Illinois has some success in attracting manufacturing

I told you back in January that if Gov. JB Pritzker managed to help convince Stellantis to reopen the Belvidere auto assembly plant and even expand, “he’ll have overcome some gargantuan hurdles.”

Credit where credit is due. Pritzker helped the United Auto Workers Union and the White House put together a deal with Stellantis to reopen the shuttered plant and expand it. According to Crain’s Chicago Business, the UAW told its members the company would spend $5 billion on the project. It’s not clear as I write this how much would come from the state.

It’s plainly obvious to anyone that overcoming the state’s lousy reputation with manufacturers is a monumental task. All any CEO has to do is turn on one of the business cable TV stations to see the Illinois-bashing in full glory, even though it’s often based on outdated claims from groups which make money from bad-mouthing the state’s reputation.

But the state incentives contained in Pritzker’s Reimagining Energy and Vehicles Act were instrumental in attracting the massive Gotion electric vehicle battery plant to Manteno.

At the same time, the state has also tried to help build a supplier and training infrastructure for manufacturers – which it calls an “eco-system.” More than two years ago, for instance, the state helped open an EV worker training program at Normal’s Heartland Community College as EV-maker Rivian scaled up its production.

The REV Act’s income tax credit program has since expanded to 75% of state payroll taxes and to 100% for “underserved areas.” The REV Act was also expanded to include smaller companies with a minimum $2.5 million in capital investment.

That latter expansion was key to bringing Decatur a new electric compressor manufacturing facility as a major component of the city’s TCCI Electric Vehicle Innovation Hub the governor unveiled in August. An innovation and research lab and a worker training facility at the local community college (and in potential partnership with other higher education institutions) will also be part of the new Decatur hub.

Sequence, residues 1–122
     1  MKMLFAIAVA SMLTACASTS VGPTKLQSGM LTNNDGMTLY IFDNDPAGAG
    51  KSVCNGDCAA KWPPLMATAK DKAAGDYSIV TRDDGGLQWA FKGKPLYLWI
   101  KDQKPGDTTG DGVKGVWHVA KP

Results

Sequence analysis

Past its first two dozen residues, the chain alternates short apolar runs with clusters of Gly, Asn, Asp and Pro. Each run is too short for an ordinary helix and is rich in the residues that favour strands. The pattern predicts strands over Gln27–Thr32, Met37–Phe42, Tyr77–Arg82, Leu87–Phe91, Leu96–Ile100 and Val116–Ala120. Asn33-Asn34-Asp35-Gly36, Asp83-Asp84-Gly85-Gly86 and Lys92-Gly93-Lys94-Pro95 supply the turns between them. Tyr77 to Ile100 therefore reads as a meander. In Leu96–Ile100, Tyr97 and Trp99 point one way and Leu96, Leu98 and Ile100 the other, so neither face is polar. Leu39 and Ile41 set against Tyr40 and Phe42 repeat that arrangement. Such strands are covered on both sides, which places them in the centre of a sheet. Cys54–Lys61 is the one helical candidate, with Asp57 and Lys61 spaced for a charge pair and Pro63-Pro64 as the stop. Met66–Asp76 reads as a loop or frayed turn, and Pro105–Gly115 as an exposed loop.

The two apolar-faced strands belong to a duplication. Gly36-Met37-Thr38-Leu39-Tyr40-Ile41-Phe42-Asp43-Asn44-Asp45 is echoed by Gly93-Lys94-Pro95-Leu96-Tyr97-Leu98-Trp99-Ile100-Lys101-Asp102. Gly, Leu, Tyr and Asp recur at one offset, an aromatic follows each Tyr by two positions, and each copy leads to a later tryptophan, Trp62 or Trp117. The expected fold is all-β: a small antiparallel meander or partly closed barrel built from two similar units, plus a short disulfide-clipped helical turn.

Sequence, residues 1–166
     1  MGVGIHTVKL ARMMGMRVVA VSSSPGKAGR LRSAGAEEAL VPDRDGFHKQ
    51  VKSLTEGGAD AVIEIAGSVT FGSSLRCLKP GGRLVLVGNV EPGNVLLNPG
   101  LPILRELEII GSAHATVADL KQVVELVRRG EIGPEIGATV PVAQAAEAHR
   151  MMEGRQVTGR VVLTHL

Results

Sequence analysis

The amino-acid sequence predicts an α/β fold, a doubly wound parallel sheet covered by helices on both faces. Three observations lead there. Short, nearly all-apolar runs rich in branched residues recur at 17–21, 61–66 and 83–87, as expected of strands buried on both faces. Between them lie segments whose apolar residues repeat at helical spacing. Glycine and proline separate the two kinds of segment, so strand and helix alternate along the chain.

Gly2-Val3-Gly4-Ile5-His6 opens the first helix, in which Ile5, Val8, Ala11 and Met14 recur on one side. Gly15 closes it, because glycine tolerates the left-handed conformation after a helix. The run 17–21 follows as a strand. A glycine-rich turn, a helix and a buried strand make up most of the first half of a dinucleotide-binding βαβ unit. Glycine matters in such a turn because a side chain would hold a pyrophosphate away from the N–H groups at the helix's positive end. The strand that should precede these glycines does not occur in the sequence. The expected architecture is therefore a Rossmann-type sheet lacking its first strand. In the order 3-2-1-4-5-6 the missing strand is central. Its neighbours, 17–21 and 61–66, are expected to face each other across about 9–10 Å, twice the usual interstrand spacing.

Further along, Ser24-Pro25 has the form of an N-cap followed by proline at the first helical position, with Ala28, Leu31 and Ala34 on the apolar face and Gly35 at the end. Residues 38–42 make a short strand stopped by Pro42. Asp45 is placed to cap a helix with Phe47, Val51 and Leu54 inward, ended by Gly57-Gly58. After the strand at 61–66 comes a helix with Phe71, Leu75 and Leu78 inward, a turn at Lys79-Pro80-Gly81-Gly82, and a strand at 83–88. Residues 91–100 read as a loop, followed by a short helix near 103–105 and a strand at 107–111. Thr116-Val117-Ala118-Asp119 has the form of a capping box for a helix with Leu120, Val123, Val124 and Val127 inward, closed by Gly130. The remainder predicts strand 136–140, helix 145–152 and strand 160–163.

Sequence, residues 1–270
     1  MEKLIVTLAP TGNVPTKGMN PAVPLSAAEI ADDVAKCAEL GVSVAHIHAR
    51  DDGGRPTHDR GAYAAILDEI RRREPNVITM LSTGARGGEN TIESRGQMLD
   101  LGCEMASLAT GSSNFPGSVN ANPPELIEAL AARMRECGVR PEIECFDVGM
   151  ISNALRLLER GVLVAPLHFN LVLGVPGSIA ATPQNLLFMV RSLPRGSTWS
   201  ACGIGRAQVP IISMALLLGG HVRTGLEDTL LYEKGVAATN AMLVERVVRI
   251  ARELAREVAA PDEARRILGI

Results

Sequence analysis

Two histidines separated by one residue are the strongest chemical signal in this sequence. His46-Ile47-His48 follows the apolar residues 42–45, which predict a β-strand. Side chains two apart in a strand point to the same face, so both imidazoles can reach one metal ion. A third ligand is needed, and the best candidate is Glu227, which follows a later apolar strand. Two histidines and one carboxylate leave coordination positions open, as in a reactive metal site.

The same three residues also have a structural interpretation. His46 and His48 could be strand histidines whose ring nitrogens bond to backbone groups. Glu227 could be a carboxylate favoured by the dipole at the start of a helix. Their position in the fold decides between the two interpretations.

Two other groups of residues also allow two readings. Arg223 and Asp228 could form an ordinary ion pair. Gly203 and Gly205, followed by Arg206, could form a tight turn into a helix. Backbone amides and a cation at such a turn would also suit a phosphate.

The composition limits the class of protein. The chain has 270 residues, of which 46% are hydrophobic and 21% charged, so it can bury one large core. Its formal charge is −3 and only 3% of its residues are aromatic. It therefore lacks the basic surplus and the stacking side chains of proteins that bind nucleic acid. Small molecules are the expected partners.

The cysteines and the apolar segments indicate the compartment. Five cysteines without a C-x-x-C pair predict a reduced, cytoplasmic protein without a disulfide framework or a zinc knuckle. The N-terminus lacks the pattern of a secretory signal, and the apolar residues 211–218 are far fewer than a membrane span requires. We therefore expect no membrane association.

Just last month, Netherlands-based EVBox announced it was establishing its new U.S. headquarters in Lake County. The company makes fast-chargers for EVs and hopes to build thousands of charging stations per year.

“We have got the parts suppliers, battery manufacturers, EV infrastructure suppliers and there are more to come,” Pritzker said at the EVBox announcement, according to NBC Chicago.

The Stellantis plant deal is huge. The state has been working with the company since well before the automaker decided to put the plant on pause earlier this year. Because EV assembly plants usually need a nearby battery facility, the state optioned 250 acres of land across from the Stellantis plant, dangling the prize as just one more incentive to reopen and expand. The revitalized plant will likely build a light truck and include a battery plant as well as a parts distribution center.

The UAW has had strong reservations about EV manufacturing because it requires fewer workers, and many cars and batteries are being made with non-union labor (including, so far, at Gotion’s future Manteno facility). But the union leadership insisted that reopening the Belvidere plant was a top priority during its bargaining with and subsequent strike of Stellantis. The White House was reportedly heavily involved as well.

Crain’s also reported that the revitalized plant could employ as many as 5,000 workers, which is far more than the 1,200 laid off in February.

If Illinois’ earlier failures fed off themselves in a vicious cycle, the hope now is the recent successes will lead to even more gains as corporations see that Illinois isn’t what they may have thought it was.

The idea has been to provide “white glove” concierge service to corporate execs through the Illinois Department of Commerce and Economic Opportunity. The governor’s office claims companies can easily and quickly obtain information and assistance from DCEO about their investments. DCEO also offers the companies help with permitting to cut through state and local red tape.

The governor himself has also taken a very active role, his office says, running down leads and making and fielding countless inquiries. He’s also positioned himself as the state’s top economic cheerleader.

This sort of all-hands-on-deck approach appears to really be paying off. And it’s been darned impressive to watch. Everyone, including the General Assembly, deserves credit.

So maybe now the state can use this template to tackle some other problems, like high property taxes (business development is a big key, but not the entire solution) and the functioning of some notorious bureaucracies, including DCFS.

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